There is not even the possibility of wriggling out of this statement now by saying that the amount will be earned by Nepal in 100 years or less because it has been trumpeted time and again that this will be annual revenue for Nepal – "yearly revenue of Rs 250 billion." Conversely, if Nepal is to earn this amount as royalty in, say, 50 years, it is not worth announcing from the podiums of the big gatherings; even without bothering about quantum of the present value of the future income stream earned over several years.

I am glad that you have decided to "talk to some of the experts in NEA and try to validate these numbers". However, I know of experts and experts in NEA; having worked with them for more than a decade (including 21 months as a member of NEA board). I hope you will be able to find the right expert. Moreover, this computation is not something like rocket science. You should be able to figure out yourself, when someone like me had no problem doing so.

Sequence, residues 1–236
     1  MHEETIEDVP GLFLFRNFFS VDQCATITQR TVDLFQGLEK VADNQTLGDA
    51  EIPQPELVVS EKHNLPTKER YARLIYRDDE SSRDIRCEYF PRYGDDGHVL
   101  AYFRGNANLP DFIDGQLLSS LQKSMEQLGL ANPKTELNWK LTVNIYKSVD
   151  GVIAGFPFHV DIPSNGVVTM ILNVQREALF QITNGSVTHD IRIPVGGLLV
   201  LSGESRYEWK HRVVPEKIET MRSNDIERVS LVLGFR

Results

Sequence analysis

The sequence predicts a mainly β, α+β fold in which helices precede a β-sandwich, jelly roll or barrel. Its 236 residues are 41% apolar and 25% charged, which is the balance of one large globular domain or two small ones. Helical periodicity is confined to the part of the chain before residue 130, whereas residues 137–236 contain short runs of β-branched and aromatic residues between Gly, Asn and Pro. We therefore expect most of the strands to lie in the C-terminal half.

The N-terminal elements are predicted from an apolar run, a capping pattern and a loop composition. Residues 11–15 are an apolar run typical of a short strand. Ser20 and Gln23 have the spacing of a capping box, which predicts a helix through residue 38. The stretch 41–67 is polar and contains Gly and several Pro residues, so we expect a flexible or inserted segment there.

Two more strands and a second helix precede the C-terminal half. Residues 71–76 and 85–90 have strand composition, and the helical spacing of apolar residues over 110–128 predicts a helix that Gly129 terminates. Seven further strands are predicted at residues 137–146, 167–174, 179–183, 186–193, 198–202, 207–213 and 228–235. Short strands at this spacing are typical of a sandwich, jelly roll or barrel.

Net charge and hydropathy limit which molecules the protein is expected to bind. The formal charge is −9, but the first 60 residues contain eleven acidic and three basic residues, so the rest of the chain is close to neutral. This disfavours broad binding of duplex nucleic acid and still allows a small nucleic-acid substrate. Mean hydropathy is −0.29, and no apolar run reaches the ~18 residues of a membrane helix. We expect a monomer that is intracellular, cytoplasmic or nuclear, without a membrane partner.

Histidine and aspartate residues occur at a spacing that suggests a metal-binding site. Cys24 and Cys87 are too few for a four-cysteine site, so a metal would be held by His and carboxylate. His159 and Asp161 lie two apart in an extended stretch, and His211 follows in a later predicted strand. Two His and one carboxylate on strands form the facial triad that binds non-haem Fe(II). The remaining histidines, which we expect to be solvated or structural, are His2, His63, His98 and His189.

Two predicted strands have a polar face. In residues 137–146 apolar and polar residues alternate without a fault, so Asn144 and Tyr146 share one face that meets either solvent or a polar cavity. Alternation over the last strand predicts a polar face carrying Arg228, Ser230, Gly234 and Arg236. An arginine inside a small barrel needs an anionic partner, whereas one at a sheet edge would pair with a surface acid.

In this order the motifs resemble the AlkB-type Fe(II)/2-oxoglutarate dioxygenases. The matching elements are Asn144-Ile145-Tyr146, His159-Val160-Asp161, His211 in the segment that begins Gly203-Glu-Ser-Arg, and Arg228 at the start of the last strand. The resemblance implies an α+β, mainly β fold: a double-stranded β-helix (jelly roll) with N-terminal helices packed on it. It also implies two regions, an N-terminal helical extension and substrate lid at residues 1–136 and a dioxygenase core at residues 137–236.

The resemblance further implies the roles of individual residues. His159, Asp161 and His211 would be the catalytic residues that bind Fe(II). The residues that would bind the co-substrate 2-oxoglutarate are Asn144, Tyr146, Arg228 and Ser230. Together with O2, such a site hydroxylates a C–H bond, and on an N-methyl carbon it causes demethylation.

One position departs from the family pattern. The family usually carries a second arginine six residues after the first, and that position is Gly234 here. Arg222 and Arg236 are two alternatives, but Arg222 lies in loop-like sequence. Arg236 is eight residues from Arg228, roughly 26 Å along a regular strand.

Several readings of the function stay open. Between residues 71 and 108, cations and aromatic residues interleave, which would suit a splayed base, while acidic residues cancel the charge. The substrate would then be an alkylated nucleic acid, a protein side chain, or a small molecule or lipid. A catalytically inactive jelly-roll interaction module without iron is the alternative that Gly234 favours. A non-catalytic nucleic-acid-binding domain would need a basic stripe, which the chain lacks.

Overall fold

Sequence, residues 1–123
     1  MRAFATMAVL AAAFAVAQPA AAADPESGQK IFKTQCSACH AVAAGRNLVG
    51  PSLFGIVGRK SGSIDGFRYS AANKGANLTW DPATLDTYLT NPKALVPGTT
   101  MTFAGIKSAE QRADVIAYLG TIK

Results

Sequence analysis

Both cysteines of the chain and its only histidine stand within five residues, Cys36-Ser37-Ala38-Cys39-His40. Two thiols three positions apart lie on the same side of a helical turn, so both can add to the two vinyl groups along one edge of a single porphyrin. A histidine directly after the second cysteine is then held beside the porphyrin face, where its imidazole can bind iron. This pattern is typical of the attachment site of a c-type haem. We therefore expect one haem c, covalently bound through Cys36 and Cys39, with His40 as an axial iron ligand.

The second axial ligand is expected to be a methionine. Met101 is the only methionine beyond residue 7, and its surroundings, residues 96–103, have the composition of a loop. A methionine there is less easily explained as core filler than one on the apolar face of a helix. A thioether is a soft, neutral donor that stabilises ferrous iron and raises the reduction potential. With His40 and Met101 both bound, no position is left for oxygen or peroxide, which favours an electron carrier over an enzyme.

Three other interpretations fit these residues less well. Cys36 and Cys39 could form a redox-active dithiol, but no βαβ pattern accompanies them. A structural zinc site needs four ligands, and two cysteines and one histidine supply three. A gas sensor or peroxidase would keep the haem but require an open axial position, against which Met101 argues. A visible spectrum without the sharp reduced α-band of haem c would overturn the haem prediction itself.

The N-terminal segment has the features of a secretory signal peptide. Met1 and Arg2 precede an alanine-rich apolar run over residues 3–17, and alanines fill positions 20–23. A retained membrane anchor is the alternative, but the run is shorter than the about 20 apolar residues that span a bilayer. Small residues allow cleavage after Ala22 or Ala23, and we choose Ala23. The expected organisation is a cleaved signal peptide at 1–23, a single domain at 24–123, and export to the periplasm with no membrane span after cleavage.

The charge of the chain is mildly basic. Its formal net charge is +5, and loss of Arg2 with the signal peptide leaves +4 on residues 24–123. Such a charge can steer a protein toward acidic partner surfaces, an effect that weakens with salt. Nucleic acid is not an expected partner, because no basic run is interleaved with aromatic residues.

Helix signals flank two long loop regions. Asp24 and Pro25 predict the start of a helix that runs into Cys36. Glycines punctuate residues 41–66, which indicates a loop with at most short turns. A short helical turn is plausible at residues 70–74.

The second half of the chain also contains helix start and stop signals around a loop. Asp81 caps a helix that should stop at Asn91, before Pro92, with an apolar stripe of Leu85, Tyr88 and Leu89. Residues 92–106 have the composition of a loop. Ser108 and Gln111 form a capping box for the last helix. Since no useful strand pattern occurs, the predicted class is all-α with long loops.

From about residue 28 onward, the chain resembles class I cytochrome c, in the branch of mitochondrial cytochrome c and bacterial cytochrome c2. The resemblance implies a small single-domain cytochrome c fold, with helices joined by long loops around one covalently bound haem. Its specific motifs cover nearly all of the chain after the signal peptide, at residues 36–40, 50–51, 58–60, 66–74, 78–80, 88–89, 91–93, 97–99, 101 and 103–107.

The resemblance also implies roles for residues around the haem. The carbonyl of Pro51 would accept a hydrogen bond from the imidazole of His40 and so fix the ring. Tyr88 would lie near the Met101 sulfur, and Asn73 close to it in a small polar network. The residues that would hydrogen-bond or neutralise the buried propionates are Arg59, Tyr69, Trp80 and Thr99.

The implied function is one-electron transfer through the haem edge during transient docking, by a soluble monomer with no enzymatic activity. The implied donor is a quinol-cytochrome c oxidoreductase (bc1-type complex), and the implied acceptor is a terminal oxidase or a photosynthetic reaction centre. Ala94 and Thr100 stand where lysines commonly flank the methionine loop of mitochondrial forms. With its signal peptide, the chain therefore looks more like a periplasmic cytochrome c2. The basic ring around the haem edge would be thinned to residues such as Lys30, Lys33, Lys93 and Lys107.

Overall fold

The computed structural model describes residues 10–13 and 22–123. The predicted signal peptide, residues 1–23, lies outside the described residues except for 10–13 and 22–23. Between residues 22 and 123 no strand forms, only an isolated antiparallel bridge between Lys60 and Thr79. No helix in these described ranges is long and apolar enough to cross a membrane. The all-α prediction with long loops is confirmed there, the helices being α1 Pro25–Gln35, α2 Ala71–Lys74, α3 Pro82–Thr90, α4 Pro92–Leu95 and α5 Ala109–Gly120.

Discussing about these is very welcome but announcing them in a big gathering as such is very different, especially when announcement is made without quoting the source (how credible - or otherwise - the source may be); further, especially by a person like you who has occupied the high positions in Nepal. People in Nepal, I am glad, do look up to you and they want to believe in you and your statements.

With best regards,


Ratna Sansar Shrestha, FCA

From: Ratna Sansar Shrestha [mailto:rsansar@mos।com।np]

Sent: Friday, December 26, 2008 10:21